Now the waters have subsided after a month's rain fell in just 24 hours in Fishlake, residents are starting the long and arduous task of reclaiming their homes.
The aftermath of the horror floods that hit Fishlake can be seen as houses previously deluged by debris and sewage-filled water are now stripped bare of plaster and carpet.
Entire ground floors of properties have been destroyed, with homeowners still desperately trying to dry out walls and plasterboard, with less than a week to Christmas.
Many of the flood-affected villagers have ‘emptied their lives’ into skips and piles of rubbish lay strewn in gardens.
Fields that were submerged when the River Don burst its banks have been left damaged and previously lush green grass is damaged by large patches of mud.
Dramatic drone photographs from the time show the devastation in the village, near Doncaster, as roads and fields were turned into rivers.
The birdseye shots show how the community is still coming to terms with the effects of the floods today.
While new pictures of the same area show all the water gone, the devastation left behind will remain for most of the next year.
Residents have been told it could take up to 12 months before their houses will be repaired and many have had to stay in temporary accommodation.
Eileen Purcell, aged 85, was forced to flee her home of 45 years in Fishlake.
Her son-in-law Mark Wilson, 55, has helped to organise a clean-up and re-construction work at her house.
He said: "Myself and my wife are sorting the house out for Eileen because she's 85 and she's diabetic.
"She goes for dialysis and has little tubes in her neck - we don't want her going in the house because of the risk of infection."
Eileen's three bedroom detached house needs re-plastering, a new staircase and new carpets laying.
The pensioner's insurance covers her for the flood damage, but Mark said she has lost things that simply cannot be replaced.
Mark added: "It is absolutely devastating. Everything downstairs had to be thrown away.
"There's a lot of memories in the house, my wife Kate grew up there with her sister and brother.
"Photographs, paperwork, sentimental items have all been thrown into a skip. It's like you're throwing someone's life away, it's just heartbreaking."
Eileen's family have rallied round since she was evacuated from her home, but it has taken its toll and they have had to take time off work to help with the clean-up process.
The OAP will also be spending Christmas away from her house - where she would normally host the whole family - for the first time ever.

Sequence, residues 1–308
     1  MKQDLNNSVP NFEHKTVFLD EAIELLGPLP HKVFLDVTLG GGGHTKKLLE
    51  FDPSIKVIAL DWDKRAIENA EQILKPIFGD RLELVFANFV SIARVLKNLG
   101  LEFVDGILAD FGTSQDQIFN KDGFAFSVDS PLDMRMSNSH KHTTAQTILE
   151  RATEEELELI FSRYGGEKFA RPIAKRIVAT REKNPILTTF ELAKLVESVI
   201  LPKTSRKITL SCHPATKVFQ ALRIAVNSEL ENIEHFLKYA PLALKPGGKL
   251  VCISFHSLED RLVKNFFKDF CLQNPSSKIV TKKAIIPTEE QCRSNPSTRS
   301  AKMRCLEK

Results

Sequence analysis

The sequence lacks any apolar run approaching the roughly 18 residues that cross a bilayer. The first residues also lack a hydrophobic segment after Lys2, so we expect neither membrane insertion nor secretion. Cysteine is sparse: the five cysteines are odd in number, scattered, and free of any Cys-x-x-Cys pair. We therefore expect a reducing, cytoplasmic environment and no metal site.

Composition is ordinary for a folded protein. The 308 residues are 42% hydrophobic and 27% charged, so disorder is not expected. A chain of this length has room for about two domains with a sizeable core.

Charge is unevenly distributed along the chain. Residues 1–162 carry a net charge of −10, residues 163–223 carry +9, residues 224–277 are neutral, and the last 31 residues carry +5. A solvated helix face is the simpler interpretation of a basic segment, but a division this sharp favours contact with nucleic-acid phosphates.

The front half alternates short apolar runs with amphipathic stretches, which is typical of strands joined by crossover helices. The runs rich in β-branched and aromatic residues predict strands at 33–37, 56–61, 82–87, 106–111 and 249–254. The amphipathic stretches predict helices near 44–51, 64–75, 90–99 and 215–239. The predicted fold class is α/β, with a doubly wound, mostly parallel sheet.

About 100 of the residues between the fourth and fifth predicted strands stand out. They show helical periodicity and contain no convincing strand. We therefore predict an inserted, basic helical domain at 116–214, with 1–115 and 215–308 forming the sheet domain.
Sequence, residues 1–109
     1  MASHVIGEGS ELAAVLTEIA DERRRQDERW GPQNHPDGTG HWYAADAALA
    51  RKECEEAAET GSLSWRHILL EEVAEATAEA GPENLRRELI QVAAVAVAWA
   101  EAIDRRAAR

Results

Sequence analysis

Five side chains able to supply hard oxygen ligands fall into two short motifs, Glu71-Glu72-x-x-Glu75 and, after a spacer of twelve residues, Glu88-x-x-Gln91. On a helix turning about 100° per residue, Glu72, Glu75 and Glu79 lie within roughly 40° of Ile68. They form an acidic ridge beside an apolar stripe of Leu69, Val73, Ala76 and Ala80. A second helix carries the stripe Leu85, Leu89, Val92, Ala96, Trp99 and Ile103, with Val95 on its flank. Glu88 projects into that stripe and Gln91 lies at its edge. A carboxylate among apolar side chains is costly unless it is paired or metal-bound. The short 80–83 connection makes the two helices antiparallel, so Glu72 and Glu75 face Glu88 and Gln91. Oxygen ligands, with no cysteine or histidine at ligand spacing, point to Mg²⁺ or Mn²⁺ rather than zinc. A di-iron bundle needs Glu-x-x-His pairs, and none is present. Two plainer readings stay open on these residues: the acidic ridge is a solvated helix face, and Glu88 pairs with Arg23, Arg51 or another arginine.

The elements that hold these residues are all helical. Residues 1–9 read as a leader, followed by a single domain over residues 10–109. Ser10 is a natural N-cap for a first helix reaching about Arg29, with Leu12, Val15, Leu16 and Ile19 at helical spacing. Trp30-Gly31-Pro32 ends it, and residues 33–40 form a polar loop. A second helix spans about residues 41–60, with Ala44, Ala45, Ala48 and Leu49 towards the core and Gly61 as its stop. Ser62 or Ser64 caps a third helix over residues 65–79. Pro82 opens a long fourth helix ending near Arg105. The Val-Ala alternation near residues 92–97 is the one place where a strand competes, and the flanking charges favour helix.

Mark added: "Normally we have Christmas there. The whole family would always go round to Eileen's for dinner on the day.
"We are trying to have as normal a Christmas as possible but Eileen is quite upset because she loves having everyone at her house."
Andrew Benford is staying with his nephew, Josh Knaggs, and has not been able to return to his bungalow in the village after it was submerged in a metre of water last month.
The plant operator, 55, lives with his 87-year-old mother, who is staying with her friend in Doncaster.
He said: "It is absolutely heartbreaking, there's no way we can stay in the house.
"We've had to rip all the plaster off, the floorboards need to come up and we are still waiting for it to dry out.
"I'm more upset for my mum because she has lost cabinets and furniture that has been in the family for generations that you just can't put a price on."
Andrew, who is hoping to privately rent a property until his bungalow is once again fit to live in, will spend Christmas with his daughter in Norfolk.
Volunteers across South Yorkshire are organising Christmas parties and dinners to provide some relief to families over the festive period.
Water rose to levels as high as 4ft in parts of the village as residents were forced to take refuge on higher ground.
Watermarks can still be seen on properties as the restoration efforts continue for homeowners.
Kind-hearted volunteers have organised a huge clean-up campaign ahead of Christmas aimed at removing piles of litter which have been left across streets, fields and farmland.
Stuart Smith, who is helping to coordinate the litter pick on December 21, said: “Our aim is to pick the litter that has settled since the flood waters have receded.
“Whether you can spare an hour or the whole day any help will make a difference.”